GE Abandons SLM Bid

Executives were unable to reach a consensus on an acceptable financial offer.

It’s no industry secret that GE is a proponent of additive manufacturing; the company has spent the past several years heavily investing in the technology through acquisitions and development centers.

Last month, the company revealed that it was in talks to acquire two major metal additive companies: Arcam AB and SLM. This settled up to a total investment of 1.4 billion dollars in not only additive manufacturing, but also the next generation of digital technologies.

Yet even with such a large investment, GE has withdrawn its $732.9 million bid from SLM, stating that investor Elliott Management opposed the deal. According to the Wall Street Journal, the hedge fund held more than 20% of SLM, and its rejection made it more difficult for GE to meet the minimum acceptance threshold.

The deal lapsed after an acceptance was not met earlier this week, and Elliott Management stated the deal “not in the best interests of SLM shareholders.”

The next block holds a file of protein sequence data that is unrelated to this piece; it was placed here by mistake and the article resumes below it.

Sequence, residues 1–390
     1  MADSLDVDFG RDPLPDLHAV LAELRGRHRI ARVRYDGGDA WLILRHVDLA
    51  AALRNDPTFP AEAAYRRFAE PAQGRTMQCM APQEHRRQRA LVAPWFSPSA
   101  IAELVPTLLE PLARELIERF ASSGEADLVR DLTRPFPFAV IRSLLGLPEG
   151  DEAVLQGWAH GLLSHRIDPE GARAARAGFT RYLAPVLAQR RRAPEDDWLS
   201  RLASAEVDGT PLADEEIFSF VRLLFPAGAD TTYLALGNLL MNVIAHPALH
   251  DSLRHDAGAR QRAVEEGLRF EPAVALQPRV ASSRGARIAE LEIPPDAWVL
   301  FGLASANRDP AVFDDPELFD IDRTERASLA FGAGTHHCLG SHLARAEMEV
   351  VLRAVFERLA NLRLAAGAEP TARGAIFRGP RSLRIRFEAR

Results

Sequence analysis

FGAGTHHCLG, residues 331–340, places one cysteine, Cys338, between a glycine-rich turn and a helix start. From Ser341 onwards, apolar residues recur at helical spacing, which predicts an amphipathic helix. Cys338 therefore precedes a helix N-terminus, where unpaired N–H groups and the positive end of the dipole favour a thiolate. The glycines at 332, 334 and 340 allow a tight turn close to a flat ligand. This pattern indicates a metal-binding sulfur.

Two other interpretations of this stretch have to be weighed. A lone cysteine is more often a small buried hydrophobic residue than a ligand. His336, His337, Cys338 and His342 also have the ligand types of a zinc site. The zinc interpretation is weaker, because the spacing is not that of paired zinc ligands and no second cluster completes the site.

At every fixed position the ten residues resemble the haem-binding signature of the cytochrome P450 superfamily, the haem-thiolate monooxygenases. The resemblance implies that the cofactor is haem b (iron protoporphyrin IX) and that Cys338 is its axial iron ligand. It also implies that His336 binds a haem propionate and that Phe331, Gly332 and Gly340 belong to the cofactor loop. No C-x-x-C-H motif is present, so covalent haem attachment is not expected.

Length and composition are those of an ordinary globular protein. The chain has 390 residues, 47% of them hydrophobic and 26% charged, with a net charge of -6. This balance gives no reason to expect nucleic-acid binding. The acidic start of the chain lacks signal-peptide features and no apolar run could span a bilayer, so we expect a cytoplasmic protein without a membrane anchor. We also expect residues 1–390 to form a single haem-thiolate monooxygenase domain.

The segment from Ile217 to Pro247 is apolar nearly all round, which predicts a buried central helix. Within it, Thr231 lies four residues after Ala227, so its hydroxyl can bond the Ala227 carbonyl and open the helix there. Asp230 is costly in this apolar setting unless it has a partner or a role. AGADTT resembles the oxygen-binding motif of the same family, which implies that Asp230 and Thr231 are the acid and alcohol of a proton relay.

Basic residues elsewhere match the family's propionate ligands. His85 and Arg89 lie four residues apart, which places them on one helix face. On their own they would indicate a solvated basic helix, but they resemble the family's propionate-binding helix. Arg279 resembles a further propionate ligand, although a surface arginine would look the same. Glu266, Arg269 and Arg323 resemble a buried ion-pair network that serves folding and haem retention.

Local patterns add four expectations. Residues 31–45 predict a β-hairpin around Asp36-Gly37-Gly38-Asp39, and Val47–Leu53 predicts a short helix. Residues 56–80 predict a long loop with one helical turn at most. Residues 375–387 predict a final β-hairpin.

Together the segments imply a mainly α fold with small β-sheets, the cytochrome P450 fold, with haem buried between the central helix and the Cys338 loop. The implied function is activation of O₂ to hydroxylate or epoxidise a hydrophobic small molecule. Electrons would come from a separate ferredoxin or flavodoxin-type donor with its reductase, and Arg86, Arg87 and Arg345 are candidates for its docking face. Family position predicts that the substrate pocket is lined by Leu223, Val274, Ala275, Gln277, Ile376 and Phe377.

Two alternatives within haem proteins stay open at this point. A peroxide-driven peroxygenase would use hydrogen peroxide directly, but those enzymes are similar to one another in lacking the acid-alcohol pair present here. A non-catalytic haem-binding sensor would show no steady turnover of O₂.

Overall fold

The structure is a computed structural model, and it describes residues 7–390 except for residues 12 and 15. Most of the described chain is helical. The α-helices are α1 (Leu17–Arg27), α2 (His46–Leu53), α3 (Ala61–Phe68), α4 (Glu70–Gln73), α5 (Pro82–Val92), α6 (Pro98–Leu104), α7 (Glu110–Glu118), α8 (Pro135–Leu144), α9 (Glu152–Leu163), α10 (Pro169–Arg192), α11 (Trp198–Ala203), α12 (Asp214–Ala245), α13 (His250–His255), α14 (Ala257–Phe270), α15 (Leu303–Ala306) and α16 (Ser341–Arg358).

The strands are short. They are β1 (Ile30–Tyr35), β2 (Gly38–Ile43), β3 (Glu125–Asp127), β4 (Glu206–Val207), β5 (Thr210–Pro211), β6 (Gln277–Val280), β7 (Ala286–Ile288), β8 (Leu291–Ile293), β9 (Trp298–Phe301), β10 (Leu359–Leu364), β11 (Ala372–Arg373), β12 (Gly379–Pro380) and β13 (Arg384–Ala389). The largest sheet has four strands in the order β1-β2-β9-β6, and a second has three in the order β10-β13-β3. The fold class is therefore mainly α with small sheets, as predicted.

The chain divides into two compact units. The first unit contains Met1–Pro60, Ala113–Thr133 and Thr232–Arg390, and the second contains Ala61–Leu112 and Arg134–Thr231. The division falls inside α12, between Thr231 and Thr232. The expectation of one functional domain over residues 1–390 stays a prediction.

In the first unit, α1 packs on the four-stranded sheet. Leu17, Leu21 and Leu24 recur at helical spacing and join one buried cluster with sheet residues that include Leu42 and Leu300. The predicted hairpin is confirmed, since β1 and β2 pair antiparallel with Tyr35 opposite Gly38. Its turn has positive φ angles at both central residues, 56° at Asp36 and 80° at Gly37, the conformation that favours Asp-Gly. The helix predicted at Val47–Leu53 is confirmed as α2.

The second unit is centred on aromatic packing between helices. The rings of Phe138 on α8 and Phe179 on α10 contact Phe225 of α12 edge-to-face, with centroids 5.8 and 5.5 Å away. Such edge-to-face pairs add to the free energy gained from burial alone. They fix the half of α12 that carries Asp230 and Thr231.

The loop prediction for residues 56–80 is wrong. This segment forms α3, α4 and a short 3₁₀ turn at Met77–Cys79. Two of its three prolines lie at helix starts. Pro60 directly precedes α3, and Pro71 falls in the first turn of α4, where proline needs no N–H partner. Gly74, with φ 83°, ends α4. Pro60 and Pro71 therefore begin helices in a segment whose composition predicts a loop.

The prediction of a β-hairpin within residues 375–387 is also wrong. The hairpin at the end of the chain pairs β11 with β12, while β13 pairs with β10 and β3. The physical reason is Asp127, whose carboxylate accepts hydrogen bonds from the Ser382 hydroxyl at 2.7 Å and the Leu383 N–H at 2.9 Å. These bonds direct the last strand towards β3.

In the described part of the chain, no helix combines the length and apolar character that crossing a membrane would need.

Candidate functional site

“We and the leadership at SLM think the offer we put on the table was a very good offer,” GE Chief Financial Officer Jeff Bornstein said Friday in an interview with Bloomberg Quint. If GE cannot reach an agreement with shareholders, the company would be willing to walk away from the deal, he said. “We have other options.”

In this vain, GE stated that it is still in talks to acquire Arcam, which Elliott also has a significant stake in at 10%—making it the second-largest shareholder in the company. The acceptance period currently stands at Nov. 1st for this deal; to increase chances of reaching an agreement, GE has raised its big and lowered its minimum acceptance conditions.

Additionally, GE has acquired Concept Laser for $599 million, according to Reuters. It has initially purchased 75% of the Germany-based company. It added that with this investment, Lichtenfels, would become a new German center for the group.

Below you’ll find a video on GE’s vision for additive manufacturing.

Sources: Wall Street Journal, Reuters, Industry Week

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Jess Lulka

Jess Lulka is a former associate editor for Digital Engineering. Contact her via

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